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Republican Cindy Hyde-Smith Wins Miss. Senate Runoff After Racially Charged Campaign

Sen. Cindy Hyde-Smith, R-Miss., seen at a debate with Democrat Mike Espy, prevailed and has to run again in 2020 for a full term.
Rogelio V. Solis
Sen. Cindy Hyde-Smith, R-Miss., seen at a debate with Democrat Mike Espy, prevailed and has to run again in 2020 for a full term.

Republican Sen. Cindy Hyde-Smith won the Senate runoff in Mississippi by a margin of 54-to-46 percent, according to the Associated Press, overcoming a series of missteps that brought the state's dark history of racism and violence to the forefront.

Hyde-Smith, who was appointed to the Senate earlier this year after Republican Thad Cochran stepped down because of health reasons, defeated former congressman and agriculture secretary Mike Espy. Neither candidate had won the requisite 50 percent in the first round of the special election on Election Day. She is the first woman elected to the Senate from Mississippi.

Hyde-Smith was the favorite in the solidly red state, and the final Senate election of 2018 was long seen as an afterthought. But when video surfaced earlier this month of the senator telling a supporter, "If he invited me to a public hanging, I'd be on the front row," the state's racial wounds were reopened.

Mississippi is a state with a past rife with violence — and lynchings — throughout the Jim Crow era, and racial tensions still persist today in many places. The comments from Hyde-Smith, who is white, were quickly seized upon by Espy, who was vying to become not only the first Democrat the state had elected to the Senate in nearly four decades, but also the first African-American senator from the state since Reconstruction.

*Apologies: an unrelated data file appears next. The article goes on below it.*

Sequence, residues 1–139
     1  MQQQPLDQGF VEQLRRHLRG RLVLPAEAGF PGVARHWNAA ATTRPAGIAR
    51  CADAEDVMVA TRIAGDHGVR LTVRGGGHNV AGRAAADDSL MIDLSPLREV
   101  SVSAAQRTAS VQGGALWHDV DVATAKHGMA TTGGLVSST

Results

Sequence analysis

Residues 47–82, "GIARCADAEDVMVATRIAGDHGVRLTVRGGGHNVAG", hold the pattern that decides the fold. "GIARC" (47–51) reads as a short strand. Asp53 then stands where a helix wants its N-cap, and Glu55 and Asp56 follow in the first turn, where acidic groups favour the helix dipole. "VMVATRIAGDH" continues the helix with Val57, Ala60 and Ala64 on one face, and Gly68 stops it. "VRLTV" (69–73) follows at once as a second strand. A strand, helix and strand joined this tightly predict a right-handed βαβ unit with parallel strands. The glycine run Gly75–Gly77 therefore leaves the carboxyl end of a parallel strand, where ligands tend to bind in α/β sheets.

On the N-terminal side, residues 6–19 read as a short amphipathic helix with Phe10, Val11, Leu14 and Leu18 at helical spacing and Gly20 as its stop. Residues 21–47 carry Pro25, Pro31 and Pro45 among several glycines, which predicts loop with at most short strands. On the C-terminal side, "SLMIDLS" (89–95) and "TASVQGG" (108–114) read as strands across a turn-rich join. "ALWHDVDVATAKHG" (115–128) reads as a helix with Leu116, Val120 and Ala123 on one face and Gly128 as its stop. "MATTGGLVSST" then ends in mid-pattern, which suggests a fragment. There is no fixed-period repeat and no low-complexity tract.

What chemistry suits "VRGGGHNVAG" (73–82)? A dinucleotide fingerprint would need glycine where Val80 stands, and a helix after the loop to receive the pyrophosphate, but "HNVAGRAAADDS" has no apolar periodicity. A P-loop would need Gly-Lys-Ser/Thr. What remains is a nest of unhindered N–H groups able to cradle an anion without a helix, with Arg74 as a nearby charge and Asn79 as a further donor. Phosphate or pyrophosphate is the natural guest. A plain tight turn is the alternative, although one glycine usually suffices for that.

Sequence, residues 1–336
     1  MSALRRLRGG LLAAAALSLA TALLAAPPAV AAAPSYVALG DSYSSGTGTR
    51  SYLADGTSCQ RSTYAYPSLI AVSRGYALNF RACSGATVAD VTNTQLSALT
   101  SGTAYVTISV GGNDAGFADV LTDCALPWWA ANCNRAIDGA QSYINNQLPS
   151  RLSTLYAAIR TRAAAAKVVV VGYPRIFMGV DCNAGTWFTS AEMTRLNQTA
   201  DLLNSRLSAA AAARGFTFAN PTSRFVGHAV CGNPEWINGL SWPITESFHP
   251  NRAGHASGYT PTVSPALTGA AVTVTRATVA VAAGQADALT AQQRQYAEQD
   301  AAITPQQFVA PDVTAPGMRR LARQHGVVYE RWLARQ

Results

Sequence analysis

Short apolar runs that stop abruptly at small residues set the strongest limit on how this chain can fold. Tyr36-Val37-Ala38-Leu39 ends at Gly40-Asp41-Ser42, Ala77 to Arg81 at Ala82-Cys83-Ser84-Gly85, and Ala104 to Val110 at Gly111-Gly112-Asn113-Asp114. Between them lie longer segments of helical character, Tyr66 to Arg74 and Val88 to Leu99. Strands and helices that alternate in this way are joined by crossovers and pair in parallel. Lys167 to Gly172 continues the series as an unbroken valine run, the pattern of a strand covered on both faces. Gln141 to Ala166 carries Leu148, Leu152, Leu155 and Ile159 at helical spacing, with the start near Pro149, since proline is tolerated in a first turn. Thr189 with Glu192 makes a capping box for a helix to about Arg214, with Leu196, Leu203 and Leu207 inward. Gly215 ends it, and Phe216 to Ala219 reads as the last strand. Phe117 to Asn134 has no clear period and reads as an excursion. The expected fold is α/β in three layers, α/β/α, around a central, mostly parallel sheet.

Republicans even privately acknowledged that Hyde-Smith mangled her response to the video, and it wasn't until a debate last week that she offered a qualified apology. She said she was sorry to anyone who was offended by her remarks, but then blamed Espy for twisting her words for political gain.

Other questions about Hyde-Smith's past also arose: photos of her touring the home of Confederate President Jefferson Davis with a caption that said, "Mississippi history at its best!"; a measure she had once pushed in the state Senate for revisionist view of the Civil War as "The War Between the States"; and news that she had attended an all-white private school like those founded in the South to circumvent integration decrees.

Democrats had hoped the furor over Hyde-Smith's alliances and beliefs might energize black voters in a state where about 35 percent of the electorate is African-American. But, ultimately, in the largely rural state that's still deeply divided along racial lines, it wasn't enough.

Hyde-Smith also was helped by an election eve visit by President Trump, who held two rallies with her on Monday. The president remains popular in Mississippi, a state that he carried by 18 points in 2016.

With the GOP retaining the seat in Mississippi, they have achieved a net gain of two seats in the Senate, entering the next Congress in January with a 53-seat advantage to Democrats' 47 seats. Republicans defeated Democratic incumbents in Florida, Missouri, Indiana and North Dakota but lost GOP-held seats in Arizona and Nevada.

Copyright 2020 NPR. To see more, visit https://www.npr.org.

Jessica Taylor is a political reporter with NPR based in Washington, DC, covering elections and breaking news out of the White House and Congress. Her reporting can be heard and seen on a variety of NPR platforms, from on air to online. For more than a decade, she has reported on and analyzed House and Senate elections and is a contributing author to the 2020 edition of The Almanac of American Politics and is a senior contributor to The Cook Political Report.